Community garden / food forest programmes can have significant mental health benefits for participating gardeners. There is a substantial body of evidence that shows that, when taken together, the essential components of a food forest program (growing plants, spending time with others in a safe and supportive environment, being active outdoors and bringing home healthy produce harvested from the garden) can contribute to positive mental health outcomes.
In nature, forests exist and thrive perfectly well as their own closed system. They don’t need the addition of extra fertilizer, the removal of weeds, the spraying of pesticides and so on to keep them flourishing – they evolve and adapt to incorporate change. Food forests do the same thing, meaning that the human effort required to maintain them is minimal.
Of course, permaculturists looking to initiate a food forest will need to put some time into planting and working with the land (such as mulching, compositing and so on) to ensure the best start to the forest, but once the food forest gets going, it requires very little maintenance. The systems of planting that go into a food forest perpetuate a self-sustaining system, meaning that, from a mature food forest, the permaculturists really only has to harvest!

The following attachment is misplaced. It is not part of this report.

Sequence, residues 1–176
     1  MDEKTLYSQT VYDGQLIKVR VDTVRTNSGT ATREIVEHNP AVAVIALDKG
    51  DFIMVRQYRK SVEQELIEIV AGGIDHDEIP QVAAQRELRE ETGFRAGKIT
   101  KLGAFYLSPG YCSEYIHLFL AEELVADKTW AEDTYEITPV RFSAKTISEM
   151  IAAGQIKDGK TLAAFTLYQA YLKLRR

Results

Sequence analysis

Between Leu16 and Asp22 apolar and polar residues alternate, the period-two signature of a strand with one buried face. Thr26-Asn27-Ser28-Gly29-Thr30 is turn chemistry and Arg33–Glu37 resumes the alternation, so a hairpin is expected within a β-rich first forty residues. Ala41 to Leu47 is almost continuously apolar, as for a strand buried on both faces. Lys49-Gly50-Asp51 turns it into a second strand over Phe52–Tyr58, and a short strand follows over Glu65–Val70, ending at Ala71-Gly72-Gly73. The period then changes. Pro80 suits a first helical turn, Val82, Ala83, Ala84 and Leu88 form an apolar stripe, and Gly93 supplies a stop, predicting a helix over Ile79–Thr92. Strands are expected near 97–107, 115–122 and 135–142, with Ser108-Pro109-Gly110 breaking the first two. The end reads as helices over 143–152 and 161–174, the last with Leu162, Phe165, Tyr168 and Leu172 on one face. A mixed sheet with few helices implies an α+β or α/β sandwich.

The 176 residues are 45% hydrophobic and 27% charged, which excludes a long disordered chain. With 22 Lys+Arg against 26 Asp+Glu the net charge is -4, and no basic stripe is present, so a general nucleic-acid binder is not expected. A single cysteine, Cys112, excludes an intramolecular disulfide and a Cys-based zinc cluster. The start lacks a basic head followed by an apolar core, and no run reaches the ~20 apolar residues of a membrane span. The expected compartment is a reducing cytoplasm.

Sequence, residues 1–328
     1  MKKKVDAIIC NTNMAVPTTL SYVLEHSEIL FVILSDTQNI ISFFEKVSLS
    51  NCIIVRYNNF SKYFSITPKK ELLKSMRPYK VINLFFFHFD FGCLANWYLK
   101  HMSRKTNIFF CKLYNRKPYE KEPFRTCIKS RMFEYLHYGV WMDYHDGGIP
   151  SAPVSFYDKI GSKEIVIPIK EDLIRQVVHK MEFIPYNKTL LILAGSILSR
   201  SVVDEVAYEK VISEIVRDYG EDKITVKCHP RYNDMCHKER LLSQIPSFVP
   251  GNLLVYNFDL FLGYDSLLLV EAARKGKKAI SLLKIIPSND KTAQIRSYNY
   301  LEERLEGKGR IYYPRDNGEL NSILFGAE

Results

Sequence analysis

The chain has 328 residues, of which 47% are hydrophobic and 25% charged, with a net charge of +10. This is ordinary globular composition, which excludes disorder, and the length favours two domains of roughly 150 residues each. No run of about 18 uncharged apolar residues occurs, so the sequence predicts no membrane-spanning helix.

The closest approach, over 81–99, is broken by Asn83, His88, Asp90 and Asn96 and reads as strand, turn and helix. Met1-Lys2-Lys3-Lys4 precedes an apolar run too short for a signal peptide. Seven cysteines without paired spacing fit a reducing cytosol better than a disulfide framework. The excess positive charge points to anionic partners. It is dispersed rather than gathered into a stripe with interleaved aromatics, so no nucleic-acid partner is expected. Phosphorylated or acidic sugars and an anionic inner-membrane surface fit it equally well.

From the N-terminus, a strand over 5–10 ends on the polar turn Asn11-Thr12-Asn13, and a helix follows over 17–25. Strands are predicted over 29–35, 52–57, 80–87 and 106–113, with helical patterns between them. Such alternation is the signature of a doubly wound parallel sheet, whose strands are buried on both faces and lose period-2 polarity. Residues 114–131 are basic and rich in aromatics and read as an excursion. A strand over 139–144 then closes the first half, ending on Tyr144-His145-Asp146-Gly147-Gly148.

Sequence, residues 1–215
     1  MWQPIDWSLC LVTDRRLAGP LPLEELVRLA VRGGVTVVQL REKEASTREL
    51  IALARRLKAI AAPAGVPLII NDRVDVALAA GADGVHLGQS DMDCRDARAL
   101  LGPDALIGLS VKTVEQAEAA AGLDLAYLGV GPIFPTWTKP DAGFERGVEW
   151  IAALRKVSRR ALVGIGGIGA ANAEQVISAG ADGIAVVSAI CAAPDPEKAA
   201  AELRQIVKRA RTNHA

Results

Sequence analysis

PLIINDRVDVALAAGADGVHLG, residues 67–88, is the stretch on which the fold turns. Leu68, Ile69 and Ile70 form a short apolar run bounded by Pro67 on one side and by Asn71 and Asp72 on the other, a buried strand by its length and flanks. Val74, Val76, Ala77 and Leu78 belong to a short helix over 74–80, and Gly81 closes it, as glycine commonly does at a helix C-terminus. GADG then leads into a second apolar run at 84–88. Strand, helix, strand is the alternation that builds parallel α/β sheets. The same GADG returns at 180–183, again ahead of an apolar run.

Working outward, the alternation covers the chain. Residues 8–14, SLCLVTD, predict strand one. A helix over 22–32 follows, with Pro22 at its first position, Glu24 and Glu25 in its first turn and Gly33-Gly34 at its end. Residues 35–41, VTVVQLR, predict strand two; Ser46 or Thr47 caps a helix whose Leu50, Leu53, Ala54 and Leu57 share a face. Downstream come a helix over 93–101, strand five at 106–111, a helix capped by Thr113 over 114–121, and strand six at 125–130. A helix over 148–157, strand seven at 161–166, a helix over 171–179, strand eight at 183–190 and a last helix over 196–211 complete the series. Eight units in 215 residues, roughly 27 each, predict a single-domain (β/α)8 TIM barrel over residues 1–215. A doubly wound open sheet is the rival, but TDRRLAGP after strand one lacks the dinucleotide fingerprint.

Through the Food forest we want visitors to:
- The food forest will be a place for people to gather, forage and eat food,
Volunteers working together will maintain the area,
Sheltered areas will foster picnicking and great places for children to play,
The food forest will be a tourist destination,
We will grow food and medicinal plants traditionally foraged by Maori,
Food related events will be developed i.e. harvest festivals and
Community groups will be invited to hold events.
- Food forest layers work in harmony to remove the need for harmful sprays,
- Medicinal plants along with food will be grown,
- Trees and plants many being heritage will be grown for taste and nutrition,
- The food forest design and layout will nourish the mind, body and soul,
- Food Forests bring birds into the urban area,
- Will be beneficial to insects and bugs, i.e. bees,
- Utilising multiple layers and making the most of both horizontal and vertical space,
- Diverse variety of plantings grown and
- Plantings will be chosen to provide a range of food on a 12 monthly basis.
- A learning centre will be developed for adults and children to learn,
- Participate in the growing of plants without chemicals,
- Provide a healthy and safe volunteer environment, i.e. completion of a hazard review before working in the food forest,
- Website (http://kai.net.nz) and Facebook to share ideas,
- Signage, website and labelling will educate about the plants